Thursday, November 11, 2010

Further considerations for UK retirement of the Harrier VSTOL capability

The Congressional Budget Office (CBO) report in May 2009 "Alternatives for modernizing U.S. Fighter forces" grapples with options should, basically, the Joint Strike fighter (JSF) or F-35 program be cancelled.

Interestingly the report makes the point that US Marine Corp concerns about the 2018 in-service date slippage for their own AV-8B Harrier replacement, "instead of being retired as F-35's are delivered to the Marine Corps, AV-8B's would be retained as long as they are flight-worthy" (page XIII). This is in contrast to the United Kingdom, whom as part of the outcome of a recent, resources-led review decided to scrap the Harrier capability ahead of the introduction of a new generation aircraft carrier.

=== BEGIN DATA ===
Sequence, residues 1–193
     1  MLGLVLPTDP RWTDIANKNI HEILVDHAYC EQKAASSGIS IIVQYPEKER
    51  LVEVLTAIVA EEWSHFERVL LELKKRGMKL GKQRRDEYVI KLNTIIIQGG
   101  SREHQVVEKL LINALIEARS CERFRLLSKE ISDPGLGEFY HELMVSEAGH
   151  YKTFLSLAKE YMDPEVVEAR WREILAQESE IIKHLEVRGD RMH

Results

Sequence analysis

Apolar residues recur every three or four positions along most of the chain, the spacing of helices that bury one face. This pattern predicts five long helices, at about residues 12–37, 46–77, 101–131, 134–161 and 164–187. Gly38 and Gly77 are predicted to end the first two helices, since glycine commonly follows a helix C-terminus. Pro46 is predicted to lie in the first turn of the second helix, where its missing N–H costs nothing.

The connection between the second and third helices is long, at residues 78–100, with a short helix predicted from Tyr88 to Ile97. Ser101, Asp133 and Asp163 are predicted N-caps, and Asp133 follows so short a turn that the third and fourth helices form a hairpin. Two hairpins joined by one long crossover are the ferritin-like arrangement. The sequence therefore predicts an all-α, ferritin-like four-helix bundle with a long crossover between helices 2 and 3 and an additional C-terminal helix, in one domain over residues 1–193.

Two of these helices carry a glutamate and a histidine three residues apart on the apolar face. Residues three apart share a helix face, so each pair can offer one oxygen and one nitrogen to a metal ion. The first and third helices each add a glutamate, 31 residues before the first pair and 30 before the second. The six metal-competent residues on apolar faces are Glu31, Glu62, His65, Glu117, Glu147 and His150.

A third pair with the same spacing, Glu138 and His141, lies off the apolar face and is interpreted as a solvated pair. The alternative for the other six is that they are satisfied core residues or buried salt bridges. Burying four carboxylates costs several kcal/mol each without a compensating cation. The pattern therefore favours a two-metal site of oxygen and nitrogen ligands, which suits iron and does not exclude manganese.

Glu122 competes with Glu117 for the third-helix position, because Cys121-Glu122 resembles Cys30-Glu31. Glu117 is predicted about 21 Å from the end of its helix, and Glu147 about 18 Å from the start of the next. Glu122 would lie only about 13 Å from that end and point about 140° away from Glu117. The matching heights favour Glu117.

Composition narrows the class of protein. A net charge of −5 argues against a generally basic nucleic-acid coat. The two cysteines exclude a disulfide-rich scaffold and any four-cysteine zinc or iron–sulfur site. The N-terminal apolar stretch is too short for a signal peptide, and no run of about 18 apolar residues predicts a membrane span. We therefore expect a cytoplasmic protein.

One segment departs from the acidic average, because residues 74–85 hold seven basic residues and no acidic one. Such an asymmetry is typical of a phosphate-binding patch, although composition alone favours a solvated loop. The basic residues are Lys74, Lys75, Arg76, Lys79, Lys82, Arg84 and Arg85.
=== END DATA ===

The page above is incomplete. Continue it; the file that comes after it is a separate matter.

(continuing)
US Marine Corps plans are all based on retaining the AV-8B Harrier through 9,500 airframe hours (page 10).

The report then makes the killer blow (on page 13), "The Marine Corps AV-8B's were purchased (or remanufactured and upgraded) more recently than many F/A-18 A/B/C/D's of more modern design and, hence, have substantial remaining service life"

One of the big alternatives touted in UK circles to the JSF or navalised Eurofighter typhoon is the F-18 Hornet (which would be bought from the US). Why on earth does the RN not lease or buy some of the US aircraft and fly them until they reach the limit of serviceability ?

For the USMC with the resources they can consider the Harrier as obsolete on the modern battlefield. However many of the scenarios for which the is organising would be 'lower intensity' by definition - for which aproven airframe like Harrier is an essential force multiplier.

Alternatively, as was already suggested in 2007, why not manufacture new Harriers under licence in India ? BAE Systems are seeking to carve out a niche in the emerging Indian defence market and US is deploying the President on a major tour (which must chafe the FCO)...

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